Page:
Get Shorty (1995) Movie Review

Lean, mean, and brisk, Barry Sonnefeld’s 1995 movie “Get Shorty”, based on the novel of the same name by prolific crime author Elmore Leonard, doesn’t have a single extraneous scene, subplot, or baggage attached to it. Probably one of the best Black Comedy ever, with a terrific screenplay by Scott Frank (“Out of Sight”) and a too-cool-for-words starring turn by John Travolta (“The Thin Red Line”), “Get Shorty” packs so much into 100 minutes that you wish it was longer.

Travolta is Chili Palmer, a New York mob enforcer transplanted to Miami, where he crosses path with rival Ray Bones (Dennis Farina). Sent to Vegas in search of a laundrymat owner who owes money to the mob, Chili somehow ends up in L.A. where he has to collect from wash-up B-movie producer Harry Zimm (Gene Hackman). Instead of collecting, Chili decides that this is the perfect time to switch profession, and pitches a story idea to Zimm, who already has a script of his own ready for production.

But Zimm’s script has become the talk of the town, and besides attraction the attention of a vain movie star (Danny DeVito), it has also enticed two L.A. mobsters who wants in on the action. Can Chili Palmer, the coolest badass to ever be called a badass, knock off all the opposition and get that producing credit, or will his coolness finally run out at the same time as his luck? With the aid of former scream queen Karen Flores (Rene Russo), Chili is determined to push the envelope and get his movie made come hell or high water, even if he has to break some bones to do it.

The best part of “Get Shorty” is just how easily transplanted Chili Palmer is. The mob enforcer so effortlessly slips into the role of would-be movie producer that the whole situation, if you stop to think about it, is worth more than a couple of chuckles. The movie business, it turns out, is possibly even more dangerous than the mob life!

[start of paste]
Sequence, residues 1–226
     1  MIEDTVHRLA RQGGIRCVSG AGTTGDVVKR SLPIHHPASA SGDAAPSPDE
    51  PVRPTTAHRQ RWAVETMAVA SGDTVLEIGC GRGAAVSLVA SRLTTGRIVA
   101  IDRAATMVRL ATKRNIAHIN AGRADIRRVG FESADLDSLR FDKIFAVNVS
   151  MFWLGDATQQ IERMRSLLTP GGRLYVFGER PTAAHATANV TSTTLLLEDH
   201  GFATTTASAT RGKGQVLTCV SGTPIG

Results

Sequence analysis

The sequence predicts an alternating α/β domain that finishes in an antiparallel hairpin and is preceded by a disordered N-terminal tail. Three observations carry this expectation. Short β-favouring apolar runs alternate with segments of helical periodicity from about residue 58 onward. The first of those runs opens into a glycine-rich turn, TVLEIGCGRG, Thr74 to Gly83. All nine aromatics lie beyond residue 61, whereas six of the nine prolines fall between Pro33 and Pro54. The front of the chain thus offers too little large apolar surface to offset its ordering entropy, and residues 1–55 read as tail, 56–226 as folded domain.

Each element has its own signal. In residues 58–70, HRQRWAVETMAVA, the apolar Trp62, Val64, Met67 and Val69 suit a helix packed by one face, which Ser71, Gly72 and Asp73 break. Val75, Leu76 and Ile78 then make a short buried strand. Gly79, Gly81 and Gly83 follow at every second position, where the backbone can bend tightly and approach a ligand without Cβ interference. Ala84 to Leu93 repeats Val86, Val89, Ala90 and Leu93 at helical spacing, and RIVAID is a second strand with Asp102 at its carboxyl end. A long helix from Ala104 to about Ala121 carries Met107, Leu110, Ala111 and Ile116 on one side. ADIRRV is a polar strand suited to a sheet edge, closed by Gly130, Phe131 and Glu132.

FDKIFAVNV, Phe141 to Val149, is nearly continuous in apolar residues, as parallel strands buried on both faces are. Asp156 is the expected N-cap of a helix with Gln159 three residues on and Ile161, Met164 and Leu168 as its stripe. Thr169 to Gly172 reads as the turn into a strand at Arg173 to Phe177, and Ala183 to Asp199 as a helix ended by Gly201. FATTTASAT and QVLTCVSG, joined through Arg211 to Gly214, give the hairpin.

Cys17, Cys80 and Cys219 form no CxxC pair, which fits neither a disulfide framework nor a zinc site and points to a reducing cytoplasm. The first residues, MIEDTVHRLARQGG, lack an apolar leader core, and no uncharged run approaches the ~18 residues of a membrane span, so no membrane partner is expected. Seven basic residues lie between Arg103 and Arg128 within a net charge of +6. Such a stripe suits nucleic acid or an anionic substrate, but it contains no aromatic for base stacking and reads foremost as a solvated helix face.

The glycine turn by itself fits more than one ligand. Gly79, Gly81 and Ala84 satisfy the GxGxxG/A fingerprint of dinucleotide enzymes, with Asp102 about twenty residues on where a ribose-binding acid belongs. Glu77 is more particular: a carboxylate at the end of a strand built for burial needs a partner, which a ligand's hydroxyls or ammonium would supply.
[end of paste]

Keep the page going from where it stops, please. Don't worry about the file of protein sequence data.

Besides working from a terrific screenplay by Scott Frank, director Barry Sonnenfeld (“Men in Black 2”) effortlessly handles his all-star cast. Rene Russo (“Showtime”) has never looked sexier, and Gene Hackman (“Behind Enemy Lines”) plays sleazy so well you wonder how he ever managed to play any other character in his long and illustrious film career. But the real star, of course, is John Travolta, whose turn as Chili Palmer gives Samuel L. Jackson a run for the title of “All Around Badass.”

More comical than violent, “Get Shorty” does have spurts of violence in it. The language is quite harsh, especially when Dennis Farina’s Ray Bones is onscreen. The guy manages to throw the F-word in every other second, which is in itself quite an amazing feat. Delroy Lindo (“Heist”) plays one of the local mobsters vying for Harry Zimm’s screenplay, while future “Sopranos” star James Gandolfini is nearly unrecognizable as a grizzled (and heavily bearded) ex-stuntman who has to work for Lindo to pay the bills.

The overall feel of “Get Shorty” is breezy and fun. The violence is mostly cartoonish and the soundtrack has a catchy, finger-snapping beat to it. And as he would show again in “Out of Sight”, screenwriter Scott Frank has a knack for adapting Elmore Leonard books. There’s almost no unnecessary dialogue or wasted scene in “Get Shorty”, which clicks on all cylinders from beginning to end.

Barry Sonnenfeld (director) / Elmore Leonard (novel), Scott Frank (screenplay)
CAST: John Travolta …. Chili Palmer
Gene Hackman …. Harry Zimm
Rene Russo …. Karen Flores
Danny DeVito …. Martin Weir
Dennis Farina …. Ray ‘Bones’ Barboni

Buy Get Shorty on DVD